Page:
3.  A successful thesis statement is historically specific. It does not make a broad claim about "American society" or "humankind," but is grounded in a particular historical moment.

Weak Thesis: The Revolution had a negative impact on women because of the prevailing problem of sexism.

Sexism is a vague word that can mean different things in different times and places.  In order to answer the question and make a compelling argument, this thesis needs to explain exactly what attitudes toward women were in early America, and how those attitudes negatively affected women in the Revolutionary period.

Strong Thesis: The Revolution had a negative impact on women because of the belief that women lacked the rational faculties of men.  In a nation that was to be guided by reasonable republican citizens, women were imagined to have no place in politics and were thus firmly relegated to the home.

This thesis is stronger because it narrows in on one particular and historically specific attitude towards women:  the assumption that women had less ability to reason than men.  While such attitudes toward women have a long history, this thesis must locate it in a very specific historical moment, to show exactly how it worked in revolutionary America.

4.  A successful thesis statement is focused and precise. You need to be able to support it within the bounds of your paper.

Weak Thesis: The Revolution led to social, political, and economic change for women.

This thesis addresses too large of a topic for an undergraduate paper.  The terms "social," "political," and "economic" are too broad and vague for the writer to analyze them thoroughly in a limited number of pages.  The thesis might focus on one of those concepts, or it might narrow the emphasis to some specific features of social, political, and economic change.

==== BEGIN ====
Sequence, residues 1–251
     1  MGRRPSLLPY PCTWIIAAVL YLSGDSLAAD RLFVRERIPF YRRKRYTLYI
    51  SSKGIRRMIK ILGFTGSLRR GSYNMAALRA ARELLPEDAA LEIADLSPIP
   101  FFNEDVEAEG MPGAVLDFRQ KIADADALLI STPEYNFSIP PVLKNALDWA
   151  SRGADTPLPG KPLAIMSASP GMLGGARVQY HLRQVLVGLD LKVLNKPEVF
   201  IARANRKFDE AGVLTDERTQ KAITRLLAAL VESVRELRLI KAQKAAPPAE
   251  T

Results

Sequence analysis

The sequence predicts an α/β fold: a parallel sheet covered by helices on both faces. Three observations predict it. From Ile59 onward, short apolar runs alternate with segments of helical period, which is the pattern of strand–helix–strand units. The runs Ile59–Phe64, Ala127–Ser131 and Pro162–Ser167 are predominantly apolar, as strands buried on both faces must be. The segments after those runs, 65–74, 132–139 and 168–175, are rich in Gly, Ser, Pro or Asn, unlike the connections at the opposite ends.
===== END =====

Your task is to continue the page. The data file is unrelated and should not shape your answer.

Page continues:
Strong Thesis: The Revolution paved the way for important political changes for women.  As "Republican Mothers," women contributed to the polity by raising future citizens and nurturing virtuous husbands.  Consequently, women played a far more important role in the new nation's politics than they had under British rule.

This thesis is stronger because it is more narrow, and thus allows the writer to offer more in-depth analysis.  It states what kind of change women expected (political), how they experienced that change (through Republican Motherhood), and what the effects were (indirect access to the polity of the new nation).

5.  A successful thesis statement answers the question, "so what?" It explains to your reader why your argument is historically significant.  It is not a list of ideas you will cover in your paper;  it explains why your ideas matter.

Weak Thesis: The Revolution had a positive effect on women because it ushered in improvements in female education, legal standing, and economic opportunity.

This thesis is off to a strong start, but it needs to go one step further by telling the reader why changes in these three areas mattered.  How did the lives of women improve because of developments in education, law, and economics?  What were women able to do with these advantages?  Obviously the rest of the paper will answer these questions, but the thesis statement needs to give some indication of why these particular changes mattered.

Strong Thesis: The Revolution had a positive impact on women because it ushered in improvements in female education, legal standing, and economic opportunity.  Progress in these three areas gave women the tools they needed to carve out lives beyond the home, laying the foundation for the cohesive feminist movement that would emerge in the mid-nineteenth century.

This is a stronger thesis because it goes beyond offering a list of changes for women, suggesting why improvements in education, the law, and economics mattered.  It outlines the historical significance of these changes:  they helped women build a cohesive feminist movement in the nineteenth century.

Thesis Checklist

When revising your thesis, check it against the following guidelines:

1.  Does my thesis make an historical argument?

2.  Does my thesis take a position that requires defending?

3.  Is my thesis historically specific?

4.  Is my thesis focused and precise?

5.  Does my thesis answer the question, "so what?"